On the last Saturday of April 2012, my wife, two daughters and I visited my closest Wyneken relatives living in Germany. Katja and her family live in a little village ten minutes north of Freiburg. Katja’s parents, Wyneken and Katja, were visiting from northern Germany.
Note that “Wyneken” here is the first name of Katja’s father. I am not going to mention these people’s last names to protect the privacy of the living. Wyneken’s mother’s maiden name was Wyneken and she decided to pass on the name to the next generation in the form of a first name. She and her siblings had no male children that would carry on the family name so Wyneken’s mother decided to keep it alive in her son’s given name.
Wyneken as a first name might come as a surprise, but this is not the only instance of the name being passed on to the next generation like this. My database contains four or five cases of individuals who apparently had a bona fide given name of “Wyneken”. There are other persons who have “Wyneken” as a middle name. It’s not always easy to tell how much of a first name these were when it looks like they apparently went by another name on a daily basis.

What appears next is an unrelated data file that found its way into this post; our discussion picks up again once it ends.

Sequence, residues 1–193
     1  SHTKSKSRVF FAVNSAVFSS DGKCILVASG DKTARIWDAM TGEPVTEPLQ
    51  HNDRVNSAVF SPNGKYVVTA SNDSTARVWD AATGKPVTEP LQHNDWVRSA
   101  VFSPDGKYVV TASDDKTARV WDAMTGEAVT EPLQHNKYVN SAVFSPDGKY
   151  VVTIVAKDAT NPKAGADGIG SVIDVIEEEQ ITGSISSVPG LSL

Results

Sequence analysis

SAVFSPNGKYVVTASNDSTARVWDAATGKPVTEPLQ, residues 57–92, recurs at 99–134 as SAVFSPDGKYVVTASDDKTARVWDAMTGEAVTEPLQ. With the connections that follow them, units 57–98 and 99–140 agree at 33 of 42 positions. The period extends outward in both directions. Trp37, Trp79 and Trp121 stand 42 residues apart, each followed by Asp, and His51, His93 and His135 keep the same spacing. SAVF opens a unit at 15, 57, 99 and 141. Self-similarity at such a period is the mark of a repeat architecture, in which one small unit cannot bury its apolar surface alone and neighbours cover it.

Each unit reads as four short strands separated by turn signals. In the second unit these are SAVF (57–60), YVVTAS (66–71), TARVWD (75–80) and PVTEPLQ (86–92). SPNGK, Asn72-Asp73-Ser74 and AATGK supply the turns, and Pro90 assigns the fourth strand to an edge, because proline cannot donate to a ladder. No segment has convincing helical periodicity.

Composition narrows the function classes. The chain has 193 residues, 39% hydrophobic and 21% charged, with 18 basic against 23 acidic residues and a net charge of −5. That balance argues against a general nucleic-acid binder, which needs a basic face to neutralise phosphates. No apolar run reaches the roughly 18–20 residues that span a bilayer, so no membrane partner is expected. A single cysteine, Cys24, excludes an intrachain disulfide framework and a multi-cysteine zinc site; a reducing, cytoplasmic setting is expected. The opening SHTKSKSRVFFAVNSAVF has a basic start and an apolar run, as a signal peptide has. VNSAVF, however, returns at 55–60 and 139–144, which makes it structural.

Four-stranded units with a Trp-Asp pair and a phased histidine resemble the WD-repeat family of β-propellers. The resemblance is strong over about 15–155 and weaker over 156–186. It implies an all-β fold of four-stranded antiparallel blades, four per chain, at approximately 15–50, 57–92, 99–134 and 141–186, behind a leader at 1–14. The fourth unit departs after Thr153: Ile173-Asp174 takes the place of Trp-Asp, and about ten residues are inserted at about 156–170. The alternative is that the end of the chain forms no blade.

I’ve known Wyneken and Katja for a long time, our family even having visited their home many years ago. It was nice to see them again in April after such a long time and reconnect in person, outside of the annual Christmas letters we exchange.
Their daughter Katja has been living in the Freiburg area, where I live, for several years but it wasnt’ until last year that we actually met. I discovered by chance that she, like me, works for the university so I figured there really is no excuse to put off calling her up. Since then we’ve gotten together for lunch several times.
On the above mentioned Saturday we of course not only visited with Katja and her parents but also with her husband, Thomas, and their children Ella, Frieda and Moritz, raning in age from 7 to 4.
I’ve met a number of very distant relatives since I’ve been working on the family history and it’s always very pleasant to experience the feeling that we really are relatives, even though we’ve never seen each other before in our lives and even though the family connections go back a number of generations. I don’t know what it is, but there people often share something intangible just because they’re related.